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Offshore island tax havens, crafted by creative accountants for use in places like the Cayman Islands and Bermuda, long ago became infamous for enabling multi-millionaires to avoid paying Uncle Sam as much in income taxes as you do.

So sharp-eyed IRS auditors became equally infamous for getting tough on the scheming tax avoiders.

But Jared Kushner, President Donald Trump’s 33-year-old son-in-law and senior White House adviser — whose family real estate company has gifted him with a net worth of almost $324 million — apparently found himself an offshore island that’s still ripe for a tax boondoggle. It’s an island called Manhattan.

Sunday’s New York Times revealed Kushner’s clever, and apparently quite legal, accomplishment with a terrific investigative front page report by correspondents Jesse Drucker and Emily Flitter, headlined: “Forms Suggest Kushner Paid Tax Bills of $0.”

The article reported that Kushner had actually made millions in annual income from his family’s Kushner Companies, but had utilized a method of creating losses that existed on paper only, according to Kushner financial documents covering the years 2009 through 2016 that had been prepared for a proposed project. His company’s prime building is 666 Fifth Avenue, in Manhattan.

“His low tax bills are the result of a common tax-minimizing maneuver that, year after year, generated millions of dollars in losses for Mr. Kushner,” the Times reported. “But the losses were only on paper – Mr. Kushner and his company did not appear to actually lose any money.”

Kushner would take deductions for “depreciation,” a provision that permits real estate developers to deduct “a portion of the cost of their buildings” from each year’s taxable income, the article said. For example, in 2015, Kushner received $1.7 million in salary and investment income — and listed losses (mainly depreciation) of $8.3 million.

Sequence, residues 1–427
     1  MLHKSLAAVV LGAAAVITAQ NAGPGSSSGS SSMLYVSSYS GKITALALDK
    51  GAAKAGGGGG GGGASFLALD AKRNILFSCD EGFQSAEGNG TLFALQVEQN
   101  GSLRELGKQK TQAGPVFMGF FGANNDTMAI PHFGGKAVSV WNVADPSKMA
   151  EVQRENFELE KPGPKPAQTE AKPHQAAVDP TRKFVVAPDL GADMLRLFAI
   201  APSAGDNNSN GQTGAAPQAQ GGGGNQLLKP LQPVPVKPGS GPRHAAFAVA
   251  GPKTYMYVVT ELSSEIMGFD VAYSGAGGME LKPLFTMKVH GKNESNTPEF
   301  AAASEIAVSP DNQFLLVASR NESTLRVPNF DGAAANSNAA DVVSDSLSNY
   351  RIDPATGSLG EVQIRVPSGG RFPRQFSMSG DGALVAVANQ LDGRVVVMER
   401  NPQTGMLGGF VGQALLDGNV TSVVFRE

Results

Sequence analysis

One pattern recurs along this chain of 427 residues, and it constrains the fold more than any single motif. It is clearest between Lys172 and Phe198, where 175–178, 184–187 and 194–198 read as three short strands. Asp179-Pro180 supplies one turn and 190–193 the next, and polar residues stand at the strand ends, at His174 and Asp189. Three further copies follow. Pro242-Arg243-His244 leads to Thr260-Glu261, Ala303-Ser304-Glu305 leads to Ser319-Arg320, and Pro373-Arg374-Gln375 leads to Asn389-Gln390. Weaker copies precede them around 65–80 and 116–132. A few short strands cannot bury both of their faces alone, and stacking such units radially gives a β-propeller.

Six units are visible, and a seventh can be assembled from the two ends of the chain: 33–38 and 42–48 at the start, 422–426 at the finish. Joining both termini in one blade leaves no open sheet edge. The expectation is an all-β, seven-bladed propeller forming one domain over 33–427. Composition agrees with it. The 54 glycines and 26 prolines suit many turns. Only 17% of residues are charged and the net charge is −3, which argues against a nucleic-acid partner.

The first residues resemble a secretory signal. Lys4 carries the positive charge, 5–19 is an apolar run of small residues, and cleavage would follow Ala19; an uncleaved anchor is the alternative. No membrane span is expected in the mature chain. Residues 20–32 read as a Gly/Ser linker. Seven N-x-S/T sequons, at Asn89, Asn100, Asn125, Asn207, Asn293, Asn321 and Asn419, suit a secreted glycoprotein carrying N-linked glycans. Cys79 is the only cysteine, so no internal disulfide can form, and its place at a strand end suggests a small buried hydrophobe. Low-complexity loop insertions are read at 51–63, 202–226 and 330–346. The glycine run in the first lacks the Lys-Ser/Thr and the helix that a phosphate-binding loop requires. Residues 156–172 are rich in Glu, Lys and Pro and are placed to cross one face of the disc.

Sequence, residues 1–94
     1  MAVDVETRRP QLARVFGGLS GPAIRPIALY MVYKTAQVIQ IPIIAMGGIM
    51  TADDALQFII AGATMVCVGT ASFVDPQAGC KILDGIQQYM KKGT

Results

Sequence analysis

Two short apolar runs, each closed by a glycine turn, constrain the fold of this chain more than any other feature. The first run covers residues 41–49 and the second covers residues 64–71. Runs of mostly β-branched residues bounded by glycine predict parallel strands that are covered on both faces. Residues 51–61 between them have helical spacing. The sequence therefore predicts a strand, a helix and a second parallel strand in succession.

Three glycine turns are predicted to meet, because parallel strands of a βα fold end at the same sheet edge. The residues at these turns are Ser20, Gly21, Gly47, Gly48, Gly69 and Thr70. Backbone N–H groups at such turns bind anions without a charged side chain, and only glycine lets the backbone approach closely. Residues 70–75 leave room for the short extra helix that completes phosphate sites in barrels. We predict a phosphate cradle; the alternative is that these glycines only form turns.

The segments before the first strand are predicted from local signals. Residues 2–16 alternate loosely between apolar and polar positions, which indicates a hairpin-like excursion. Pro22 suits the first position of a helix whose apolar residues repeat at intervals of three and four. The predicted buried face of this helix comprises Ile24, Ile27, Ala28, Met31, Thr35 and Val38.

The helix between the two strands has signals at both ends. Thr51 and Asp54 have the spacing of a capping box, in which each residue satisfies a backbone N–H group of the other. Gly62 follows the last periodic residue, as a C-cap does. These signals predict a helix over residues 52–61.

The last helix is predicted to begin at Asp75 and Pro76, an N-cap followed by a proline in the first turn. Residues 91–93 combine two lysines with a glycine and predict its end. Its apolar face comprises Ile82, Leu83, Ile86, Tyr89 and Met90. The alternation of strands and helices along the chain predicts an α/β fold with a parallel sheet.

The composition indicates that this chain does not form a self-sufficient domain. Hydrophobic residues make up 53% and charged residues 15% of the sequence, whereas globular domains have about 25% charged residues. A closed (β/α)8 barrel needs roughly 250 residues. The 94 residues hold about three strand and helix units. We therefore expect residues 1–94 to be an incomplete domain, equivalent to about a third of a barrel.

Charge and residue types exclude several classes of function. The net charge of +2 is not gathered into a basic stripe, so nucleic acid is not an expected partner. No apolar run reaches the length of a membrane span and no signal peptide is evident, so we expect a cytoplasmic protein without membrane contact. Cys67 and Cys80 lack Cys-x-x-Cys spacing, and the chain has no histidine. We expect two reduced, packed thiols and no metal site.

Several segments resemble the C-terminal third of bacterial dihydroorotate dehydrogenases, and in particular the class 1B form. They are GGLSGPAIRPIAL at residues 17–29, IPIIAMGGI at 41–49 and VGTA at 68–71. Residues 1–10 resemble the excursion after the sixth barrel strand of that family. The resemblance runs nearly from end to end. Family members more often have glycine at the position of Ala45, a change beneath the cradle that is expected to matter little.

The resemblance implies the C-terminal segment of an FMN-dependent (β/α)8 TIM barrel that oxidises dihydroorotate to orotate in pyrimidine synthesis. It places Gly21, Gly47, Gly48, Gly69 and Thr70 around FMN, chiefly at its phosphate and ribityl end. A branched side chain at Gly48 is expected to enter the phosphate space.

Last year, Trump’s White House pushed through “a sweeping revision of the nation’s tax laws that expanded many of the benefits enjoyed by real estate investors. Allowing them to reap even larger deductions,” the Times reported. Based upon the documents the reporters reviewed, and interviews with tax experts, the Times concluded that it was likely Kushner had paid no income taxes for years — and it was all apparently legal.

Time out. This just is not the way our world should work. Indeed, it takes me back to strikingly similar outrage I grappled with as a young Newsday correspondent covering Richard Nixon’s presidency. Nixon had paid virtually no income taxes because he had taken a deduction for having donated his pre-presidential papers. I finally found a way to raise what I thought was then — and still is today! — the real outrage. At a prime-time night press conference in the East Room, here’s what I asked Nixon:

“Mr. President, ... April 21, 1969, was a significant day for you in taxes and for the country, too. That is the notary date on the deed that allowed you to give your papers to the Government and pay just token taxes for two years. On that same date, you had a tax reform message in which you said, and I quote: ‘Special preferences in the law permit far too many Americans to pay less than their fair share of taxes. Too many others bear too much of the tax burden.’ Now, Mr. President, do you think you paid your fair share of taxes?”

What happened next was that Nixon never answered the question. Then again, I didn’t expect him to — the only obvious answer is that of course he didn’t pay his fair share. Instead, Nixon said that he took that deduction at the urging of his predecessor, Lyndon Johnson (who was then conveniently dead). Nixon then named three famous liberals who had taken the same deduction; and that too became a problem for the president, because it is illegal for a federal official to publicly divulge information from confidential tax returns.

Nixon didn’t pay his fair share then. Multimillionaire Kushner didn’t pay his fair share now. And Nixon and I (allies just this once!) want you to know that it’s way past time for us to fix those “special preferences” that are still permitting “far too many Americans from paying their fair share of taxes.”

(Martin Schram, an op-ed columnist for Tribune News Service, is a veteran Washington journalist, author and TV documentary executive.)

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